Fees For Intervention (FFI) are Increasing

Is the HSE boosting revenue?

Posted on: 02/12/2015   By: Lee Rance

The FFI scheme enables the HSE to recover costs of inspections and enforcement actions from businesses it finds to be in ‘material breach’ of law.

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A ‘material breach’ is when there is or has been a contravention of health and safety law that requires the HSE to issue notice in writing to the dutyholder. The fee is based on the amount of time that the inspector has had to spend identifying the breach, helping to put it right, investigating and taking enforcement action. The Fee for Intervention hourly rate is £124.

The scheme, which has been in place since 1st October 2012, has recently come under criticism after the latest figures were published. Analysis from law firm Pinsent Masons shows that in August 2015 average cost of an invoice issued was more than £700. This is a 40% increase since the scheme first started. If the current levels are maintained it is expected the HSE could generate around £12.5 million a year.

The number of enforcement notices issued by the HSE actually fell from 10,119 last year to 9,446 in 2014/15, a decrease of 7%. But Pinsent Masons said greater use of the Fee for Intervention scheme shows the regulator is not holding back in deploying other means of enforcement action against wrongdoers.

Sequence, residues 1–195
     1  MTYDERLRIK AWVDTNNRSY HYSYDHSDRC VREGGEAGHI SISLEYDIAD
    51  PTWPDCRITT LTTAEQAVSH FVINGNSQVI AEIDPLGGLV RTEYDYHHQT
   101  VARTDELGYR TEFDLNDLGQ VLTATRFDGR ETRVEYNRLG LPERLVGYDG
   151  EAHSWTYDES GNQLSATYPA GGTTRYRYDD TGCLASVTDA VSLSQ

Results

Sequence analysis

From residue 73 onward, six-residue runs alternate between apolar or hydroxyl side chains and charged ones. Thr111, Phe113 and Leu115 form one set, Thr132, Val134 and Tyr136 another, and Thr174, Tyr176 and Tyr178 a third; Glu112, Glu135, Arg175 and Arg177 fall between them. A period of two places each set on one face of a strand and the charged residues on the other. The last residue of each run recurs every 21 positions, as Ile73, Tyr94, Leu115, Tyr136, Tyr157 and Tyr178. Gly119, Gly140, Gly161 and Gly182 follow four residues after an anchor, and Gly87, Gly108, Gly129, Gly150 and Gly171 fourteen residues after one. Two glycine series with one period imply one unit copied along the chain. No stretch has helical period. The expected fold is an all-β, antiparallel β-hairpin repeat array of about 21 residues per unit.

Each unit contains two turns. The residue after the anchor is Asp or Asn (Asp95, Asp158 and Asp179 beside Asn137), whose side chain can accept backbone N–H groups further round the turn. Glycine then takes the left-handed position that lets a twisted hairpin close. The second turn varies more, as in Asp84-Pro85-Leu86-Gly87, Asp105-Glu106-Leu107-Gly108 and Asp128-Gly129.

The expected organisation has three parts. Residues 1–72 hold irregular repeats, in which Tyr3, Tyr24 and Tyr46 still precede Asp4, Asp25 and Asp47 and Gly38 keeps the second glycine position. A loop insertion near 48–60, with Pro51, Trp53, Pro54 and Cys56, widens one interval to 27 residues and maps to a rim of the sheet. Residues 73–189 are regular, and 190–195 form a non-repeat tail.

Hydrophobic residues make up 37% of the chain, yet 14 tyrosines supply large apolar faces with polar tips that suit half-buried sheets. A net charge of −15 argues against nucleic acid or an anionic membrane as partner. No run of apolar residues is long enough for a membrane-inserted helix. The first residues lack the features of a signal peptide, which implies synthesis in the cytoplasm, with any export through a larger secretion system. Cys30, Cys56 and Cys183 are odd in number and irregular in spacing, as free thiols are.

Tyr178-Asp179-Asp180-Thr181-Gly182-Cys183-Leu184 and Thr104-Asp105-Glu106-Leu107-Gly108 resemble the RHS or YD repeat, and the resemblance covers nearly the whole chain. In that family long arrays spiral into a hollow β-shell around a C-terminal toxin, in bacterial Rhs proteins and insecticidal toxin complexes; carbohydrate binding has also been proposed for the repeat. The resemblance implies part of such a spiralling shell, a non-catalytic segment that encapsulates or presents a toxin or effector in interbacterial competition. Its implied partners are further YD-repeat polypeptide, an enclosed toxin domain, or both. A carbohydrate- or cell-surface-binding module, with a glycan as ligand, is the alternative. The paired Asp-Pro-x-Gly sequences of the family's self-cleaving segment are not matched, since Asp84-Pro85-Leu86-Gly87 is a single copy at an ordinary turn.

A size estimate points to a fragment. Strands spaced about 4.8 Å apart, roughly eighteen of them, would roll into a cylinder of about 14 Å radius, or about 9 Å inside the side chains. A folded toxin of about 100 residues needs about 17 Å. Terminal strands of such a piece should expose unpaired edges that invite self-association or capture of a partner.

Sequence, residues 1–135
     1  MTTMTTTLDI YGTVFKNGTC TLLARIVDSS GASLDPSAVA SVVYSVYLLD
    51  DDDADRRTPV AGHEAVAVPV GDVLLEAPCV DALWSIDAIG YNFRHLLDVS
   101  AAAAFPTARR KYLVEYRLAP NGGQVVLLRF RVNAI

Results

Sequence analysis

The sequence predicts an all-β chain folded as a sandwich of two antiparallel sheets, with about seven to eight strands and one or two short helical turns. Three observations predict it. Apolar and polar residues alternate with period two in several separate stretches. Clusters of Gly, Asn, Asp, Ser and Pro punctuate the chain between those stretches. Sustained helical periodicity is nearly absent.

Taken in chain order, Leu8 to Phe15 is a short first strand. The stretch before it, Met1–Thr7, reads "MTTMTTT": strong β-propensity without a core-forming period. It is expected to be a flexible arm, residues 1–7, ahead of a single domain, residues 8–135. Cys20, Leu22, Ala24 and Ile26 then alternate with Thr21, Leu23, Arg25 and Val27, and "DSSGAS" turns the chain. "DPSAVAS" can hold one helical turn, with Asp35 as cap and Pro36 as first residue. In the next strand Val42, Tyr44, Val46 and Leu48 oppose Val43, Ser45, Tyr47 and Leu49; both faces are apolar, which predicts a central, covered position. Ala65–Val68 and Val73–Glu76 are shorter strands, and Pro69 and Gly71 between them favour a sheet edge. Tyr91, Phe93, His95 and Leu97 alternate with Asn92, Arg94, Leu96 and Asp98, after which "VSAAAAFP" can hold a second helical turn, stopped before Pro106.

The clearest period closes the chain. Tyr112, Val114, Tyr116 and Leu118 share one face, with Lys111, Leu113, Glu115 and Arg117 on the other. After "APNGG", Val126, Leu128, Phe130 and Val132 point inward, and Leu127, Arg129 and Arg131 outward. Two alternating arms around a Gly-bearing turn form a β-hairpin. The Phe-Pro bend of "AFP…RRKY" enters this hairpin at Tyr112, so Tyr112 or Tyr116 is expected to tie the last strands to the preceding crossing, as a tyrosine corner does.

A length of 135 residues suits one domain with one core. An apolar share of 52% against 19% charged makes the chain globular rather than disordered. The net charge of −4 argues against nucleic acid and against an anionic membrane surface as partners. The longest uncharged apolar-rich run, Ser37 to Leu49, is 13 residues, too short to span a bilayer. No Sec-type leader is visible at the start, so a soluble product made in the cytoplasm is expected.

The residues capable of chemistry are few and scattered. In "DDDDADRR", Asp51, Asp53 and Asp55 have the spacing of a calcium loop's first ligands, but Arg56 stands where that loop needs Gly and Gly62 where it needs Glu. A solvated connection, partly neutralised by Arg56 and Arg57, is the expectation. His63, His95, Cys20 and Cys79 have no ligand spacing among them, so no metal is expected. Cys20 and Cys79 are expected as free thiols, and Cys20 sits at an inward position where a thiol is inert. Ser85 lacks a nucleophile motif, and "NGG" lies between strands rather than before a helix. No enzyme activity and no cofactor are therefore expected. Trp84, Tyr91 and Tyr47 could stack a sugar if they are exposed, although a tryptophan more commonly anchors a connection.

Laura Cameron, partner at Pinsent Masons, said:

The HSE will need to recoup the funding lost in budget cuts via wider use of the Fee for Intervention scheme. The regulator is issuing those guilty of breaches with invoices for increasingly significant sums- signalling that it remains serious about clamping down on non-compliance. The increase in the number of prosecutions is, of course, encouraging and alongside tougher sentencing guidelines for corporate manslaughter, signals that a more hard-line approach is coming.

Pinsent Masons say that new sentencing guidelines, expected to be introduced at the start of the year, will mean tougher penalties for corporate manslaughter and health and safety offences. Those found guilty could face penalties of up to £20m.

Many believe that the FFI is a fine or penalty when in fact it is a cost recovery vehicle for the HSE and any fines or penalties are paid separately on top of FFI costs. It is also thought that FFI is being used by the HSE to fill a gap in its budget created by the reduction in government funding. I believe FFI is another important incentive to try to reduce the amount of companies who continually breach health and safety law.

Until next time.

Lee Rance